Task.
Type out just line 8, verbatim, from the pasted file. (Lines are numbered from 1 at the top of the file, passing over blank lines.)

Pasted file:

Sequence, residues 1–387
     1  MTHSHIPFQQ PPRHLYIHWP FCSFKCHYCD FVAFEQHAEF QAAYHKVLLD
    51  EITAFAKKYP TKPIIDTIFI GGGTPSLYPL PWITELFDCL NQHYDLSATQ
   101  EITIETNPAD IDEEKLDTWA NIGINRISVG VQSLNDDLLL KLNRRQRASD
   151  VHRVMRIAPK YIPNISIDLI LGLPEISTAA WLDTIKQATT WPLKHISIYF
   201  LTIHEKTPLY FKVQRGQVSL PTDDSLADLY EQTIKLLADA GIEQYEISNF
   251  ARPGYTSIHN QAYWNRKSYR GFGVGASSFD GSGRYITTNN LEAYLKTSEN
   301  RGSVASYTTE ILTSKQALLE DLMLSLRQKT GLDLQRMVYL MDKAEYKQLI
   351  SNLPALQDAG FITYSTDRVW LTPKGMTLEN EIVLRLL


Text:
   301  RGSVASYTTE ILTSKQALLE DLMLSLRQKT GLDLQRMVYL MDKAEYKQLI